“Scientists at Wesleyan University have used electroencephalography to uncover differences in how the brains of Classical and Jazz musicians react to an unexpected chord progression,” writes Eric Dolan last Wednesday (10/18) at the psychology and neuroscience website PsyPost. “Their new study, published in the journal Brain and Cognition, sheds new light on the nature of the creative process. ‘I have been a classical musician for many years, and have always been inspired by the great jazz masters who can improvise beautiful performances on the spot,’ explained study author Psyche Loui.… The researchers used EEG to compare the electrical brain activity of 12 Jazz musicians (with improvisation training), 12 Classical musicians (without improvisation training), and 12 non-musicians while they listened to a series of chord progressions. Some of the chords followed a progression that was typical of Western music, while others had an unexpected progression. Loui and her colleagues found that Jazz musicians had a significantly different electrophysiological response to the unexpected progression … an increased perceptual sensitivity to unexpected stimuli.” Says Loui, “It would also be important to find out whether these differences emerge as a result of training, or whether they reflect pre-existing differences.”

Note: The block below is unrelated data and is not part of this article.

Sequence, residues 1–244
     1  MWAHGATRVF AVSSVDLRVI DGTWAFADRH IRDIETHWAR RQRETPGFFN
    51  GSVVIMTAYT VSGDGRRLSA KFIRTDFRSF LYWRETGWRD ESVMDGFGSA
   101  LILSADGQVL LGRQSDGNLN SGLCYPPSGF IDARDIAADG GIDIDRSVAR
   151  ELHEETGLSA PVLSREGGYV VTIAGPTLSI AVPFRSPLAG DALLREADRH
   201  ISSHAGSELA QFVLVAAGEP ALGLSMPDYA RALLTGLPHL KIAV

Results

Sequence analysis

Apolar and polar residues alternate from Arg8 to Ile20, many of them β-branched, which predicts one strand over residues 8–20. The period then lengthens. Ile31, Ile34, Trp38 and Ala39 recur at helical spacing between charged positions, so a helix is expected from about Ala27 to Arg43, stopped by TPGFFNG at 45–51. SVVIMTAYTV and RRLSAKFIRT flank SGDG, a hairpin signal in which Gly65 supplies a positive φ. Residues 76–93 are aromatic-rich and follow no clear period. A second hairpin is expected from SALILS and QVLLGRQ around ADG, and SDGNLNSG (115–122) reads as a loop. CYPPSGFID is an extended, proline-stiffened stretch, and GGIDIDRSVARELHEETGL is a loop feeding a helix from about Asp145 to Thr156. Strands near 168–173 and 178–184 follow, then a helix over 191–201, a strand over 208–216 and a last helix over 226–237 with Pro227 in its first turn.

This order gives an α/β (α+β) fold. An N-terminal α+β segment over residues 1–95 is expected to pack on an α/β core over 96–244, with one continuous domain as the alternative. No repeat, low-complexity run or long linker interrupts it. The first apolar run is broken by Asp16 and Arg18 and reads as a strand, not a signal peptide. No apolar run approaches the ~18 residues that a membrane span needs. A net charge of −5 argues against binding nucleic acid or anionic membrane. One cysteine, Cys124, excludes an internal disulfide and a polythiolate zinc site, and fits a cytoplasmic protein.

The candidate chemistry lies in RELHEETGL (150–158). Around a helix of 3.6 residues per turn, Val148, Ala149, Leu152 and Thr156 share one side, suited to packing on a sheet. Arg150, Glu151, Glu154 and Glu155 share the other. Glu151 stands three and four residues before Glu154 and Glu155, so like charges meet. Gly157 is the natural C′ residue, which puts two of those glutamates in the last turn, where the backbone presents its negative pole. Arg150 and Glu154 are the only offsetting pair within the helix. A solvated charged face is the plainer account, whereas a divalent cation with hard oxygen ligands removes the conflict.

Posted October 27, 2017